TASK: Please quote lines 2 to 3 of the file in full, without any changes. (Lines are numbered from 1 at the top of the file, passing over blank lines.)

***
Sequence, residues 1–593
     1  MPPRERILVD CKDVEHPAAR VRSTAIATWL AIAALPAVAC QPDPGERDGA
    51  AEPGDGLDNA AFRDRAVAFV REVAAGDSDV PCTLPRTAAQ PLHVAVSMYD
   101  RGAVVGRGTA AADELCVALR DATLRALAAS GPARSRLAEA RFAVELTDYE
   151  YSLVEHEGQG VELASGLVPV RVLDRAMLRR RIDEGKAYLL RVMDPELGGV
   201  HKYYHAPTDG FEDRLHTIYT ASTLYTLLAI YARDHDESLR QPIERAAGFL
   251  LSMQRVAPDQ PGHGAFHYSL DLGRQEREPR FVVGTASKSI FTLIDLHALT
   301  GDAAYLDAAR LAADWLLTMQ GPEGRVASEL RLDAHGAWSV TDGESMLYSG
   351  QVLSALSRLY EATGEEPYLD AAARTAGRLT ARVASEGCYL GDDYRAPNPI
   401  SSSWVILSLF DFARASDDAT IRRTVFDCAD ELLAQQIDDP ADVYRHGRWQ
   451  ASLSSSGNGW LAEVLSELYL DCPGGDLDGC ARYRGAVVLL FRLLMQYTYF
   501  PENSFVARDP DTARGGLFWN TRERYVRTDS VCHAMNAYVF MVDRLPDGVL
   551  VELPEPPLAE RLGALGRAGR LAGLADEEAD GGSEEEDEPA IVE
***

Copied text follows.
     1  MPPRERILVD CKDVEHPAAR VRSTAIATWL AIAALPAVAC QPDPGERDGA
    51  AEPGDGLDNA AFRDRAVAFV REVAAGDSDV PCTLPRTAAQ PLHVAVSMYD